TOKYO -- Japan's businesses are working to do more with less as labor in this country grows scarce, turning to new technology and abandoning long-held tenets of customer service in order to use limited resources efficiently.
Yamato Holdings has said it intends to bring 10,000 new delivery drivers and distribution workers on board this fiscal year. But the Japanese logistics leader is taking steps to reduce its hefty labor needs in the future, well aware that, as the country's population declines, competing on manpower alone is no longer a viable strategy.
In a quiet residential corner of Fujisawa, Kanagawa Prefecture, Yamato and internet content developer DeNA are testing what could be the future of home delivery: a system ferrying packages to an appointed place within a specified 10-minute window that could be entirely automated when fully developed.
A truck with several lockers arrives at the location a recipient has chosen -- in front of a home or office, or even along the road -- at the designated time. The recipient unlocks one of the units and retrieves his or her package, and the truck moves on to the next destination. Currently, the delivery trucks are human-operated. But once automated driving technology hits the roads, people could be taken out of the equation altogether.
Making delivery as convenient as possible aims to eliminate the need to re-attempt delivery on items -- now a costly drain on resources for Yamato and other shippers. The rise of single-member and dual-income households means more homes are unoccupied during the day, and therefore cannot receive deliveries. Second or additional attempts make up around 20% of the work by Yamato's delivery operations. As the labor shortage stretches shippers thin, offering complementary re-delivery has become a luxury many can no longer afford.
More with less
More companies are taking a critical look at aspects of customer service that are, in certain respects, excessive. This includes the family restaurant chain Denny's, which is run by a Seven & i Holdings company in Japan. The chain has offered patrons full drink service since its 1974 debut in Japan, using circulating servers to keep coffee cups full. That will now be phased out over the course of a year or so and replaced with self-service drink stations at its 380 or so restaurants nationwide. The change will let certain locations function with four servers at times when five would otherwise be needed.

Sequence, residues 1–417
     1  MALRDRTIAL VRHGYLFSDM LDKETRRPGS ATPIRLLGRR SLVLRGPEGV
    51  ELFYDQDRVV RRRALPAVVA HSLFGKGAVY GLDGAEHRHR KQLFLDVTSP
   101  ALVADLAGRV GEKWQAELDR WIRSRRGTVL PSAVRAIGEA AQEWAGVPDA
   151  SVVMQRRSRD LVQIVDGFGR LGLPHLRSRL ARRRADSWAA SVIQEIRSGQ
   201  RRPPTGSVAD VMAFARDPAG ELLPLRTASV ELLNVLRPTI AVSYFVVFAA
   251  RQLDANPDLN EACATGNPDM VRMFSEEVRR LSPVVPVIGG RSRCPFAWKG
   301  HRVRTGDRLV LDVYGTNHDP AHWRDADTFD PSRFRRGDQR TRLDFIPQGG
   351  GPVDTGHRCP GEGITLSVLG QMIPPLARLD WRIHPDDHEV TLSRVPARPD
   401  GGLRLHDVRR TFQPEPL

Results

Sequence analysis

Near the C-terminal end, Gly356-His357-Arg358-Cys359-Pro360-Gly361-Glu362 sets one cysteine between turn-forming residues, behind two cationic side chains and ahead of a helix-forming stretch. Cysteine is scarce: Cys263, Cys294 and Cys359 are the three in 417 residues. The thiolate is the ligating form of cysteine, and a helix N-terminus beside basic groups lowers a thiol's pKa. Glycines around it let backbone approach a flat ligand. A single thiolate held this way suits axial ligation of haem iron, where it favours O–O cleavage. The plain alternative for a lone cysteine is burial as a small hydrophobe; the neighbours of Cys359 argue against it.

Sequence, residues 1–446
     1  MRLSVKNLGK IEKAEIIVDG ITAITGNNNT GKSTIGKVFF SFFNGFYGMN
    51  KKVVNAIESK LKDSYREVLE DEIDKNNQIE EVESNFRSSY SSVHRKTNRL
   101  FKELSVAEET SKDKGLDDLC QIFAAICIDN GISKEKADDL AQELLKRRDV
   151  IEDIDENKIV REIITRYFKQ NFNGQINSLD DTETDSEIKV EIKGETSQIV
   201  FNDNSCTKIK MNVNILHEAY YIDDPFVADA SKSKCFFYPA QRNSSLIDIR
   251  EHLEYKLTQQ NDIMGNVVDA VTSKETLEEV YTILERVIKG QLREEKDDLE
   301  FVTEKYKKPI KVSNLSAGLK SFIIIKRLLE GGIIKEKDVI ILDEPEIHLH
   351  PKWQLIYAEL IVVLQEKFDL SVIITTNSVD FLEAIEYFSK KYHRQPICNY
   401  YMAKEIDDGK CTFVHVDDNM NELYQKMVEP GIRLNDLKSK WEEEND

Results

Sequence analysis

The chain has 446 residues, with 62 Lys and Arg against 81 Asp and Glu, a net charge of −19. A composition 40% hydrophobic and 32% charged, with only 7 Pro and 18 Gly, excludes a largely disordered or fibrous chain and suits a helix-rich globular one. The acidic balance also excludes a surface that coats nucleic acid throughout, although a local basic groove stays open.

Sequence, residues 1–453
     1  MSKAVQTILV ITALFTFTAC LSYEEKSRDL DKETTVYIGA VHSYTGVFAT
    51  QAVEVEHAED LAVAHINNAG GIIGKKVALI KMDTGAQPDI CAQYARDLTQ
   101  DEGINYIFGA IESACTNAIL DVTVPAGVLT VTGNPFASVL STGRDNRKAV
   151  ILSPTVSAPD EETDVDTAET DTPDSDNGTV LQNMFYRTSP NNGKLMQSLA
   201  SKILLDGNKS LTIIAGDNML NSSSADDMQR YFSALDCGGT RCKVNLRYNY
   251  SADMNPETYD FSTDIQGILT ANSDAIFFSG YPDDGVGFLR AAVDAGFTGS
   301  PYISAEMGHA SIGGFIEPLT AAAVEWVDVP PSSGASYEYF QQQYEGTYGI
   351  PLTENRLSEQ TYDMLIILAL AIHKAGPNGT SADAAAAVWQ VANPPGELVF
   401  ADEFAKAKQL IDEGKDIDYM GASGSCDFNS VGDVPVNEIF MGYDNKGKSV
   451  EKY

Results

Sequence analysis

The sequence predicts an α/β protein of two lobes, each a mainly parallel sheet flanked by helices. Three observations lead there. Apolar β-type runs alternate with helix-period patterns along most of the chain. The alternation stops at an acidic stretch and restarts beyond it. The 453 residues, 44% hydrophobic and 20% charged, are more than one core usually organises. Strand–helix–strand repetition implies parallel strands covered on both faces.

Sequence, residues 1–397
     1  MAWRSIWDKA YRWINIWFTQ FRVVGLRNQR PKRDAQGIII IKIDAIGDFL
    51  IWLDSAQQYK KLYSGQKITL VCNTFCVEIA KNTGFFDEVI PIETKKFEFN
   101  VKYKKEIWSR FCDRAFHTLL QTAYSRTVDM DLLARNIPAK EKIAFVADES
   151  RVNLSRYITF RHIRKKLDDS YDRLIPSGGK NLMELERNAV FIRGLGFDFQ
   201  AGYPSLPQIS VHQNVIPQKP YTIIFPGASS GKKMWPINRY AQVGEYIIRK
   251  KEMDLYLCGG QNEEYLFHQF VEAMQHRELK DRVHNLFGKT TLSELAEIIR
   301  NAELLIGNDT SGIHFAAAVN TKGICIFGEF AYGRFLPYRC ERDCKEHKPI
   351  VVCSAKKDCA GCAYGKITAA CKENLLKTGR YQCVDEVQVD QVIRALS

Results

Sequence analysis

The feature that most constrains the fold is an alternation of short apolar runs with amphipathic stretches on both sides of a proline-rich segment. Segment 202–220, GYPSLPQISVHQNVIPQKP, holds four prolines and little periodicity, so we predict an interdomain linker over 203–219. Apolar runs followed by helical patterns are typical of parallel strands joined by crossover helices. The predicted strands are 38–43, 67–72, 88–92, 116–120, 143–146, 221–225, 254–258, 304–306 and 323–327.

A growing number of Japan's roughly 10,000 family restaurants are finding it difficult to lock down the staff they need to operate, even by offering part-timers more than 1,000 yen ($8.90) per hour. Royal Host, a unit of Royal Holdings, ended 24-hour service at its restaurants by the end of January -- a move that dented revenue but helped make locations more profitable by significantly cutting labor costs.
At the recently opened Henn na Hotel -- whose name is a play on the Japanese word for "strange" -- just seven workers serve 100 rooms on six floors. This is a quarter of the typical staff at such a facility. A fleet of around 140 robots help clean and handle customer service, including two mechanical dinosaurs at the front desk that can recognize languages including Japanese and Chinese, and help guests through the automated check-in process.
Henn na "aims to be the world's most efficient hotel," said Hideo Sawada, CEO of travel agency H.I.S., which runs the facility, located in Chiba Prefecture.
Japan ranks 22nd among the 35 members of the Organization for Economic Cooperation and Development in terms of per-worker labor productivity. If companies fail to make bold service changes and incorporate cutting-edge technologies, business activity will inevitably slow as the population dwindles. On the other hand, the current labor crunch -- the first in the quarter-century or so since the bubble years -- is an excellent chance for businesses to drastically overhaul their operations and usher in a more productive future.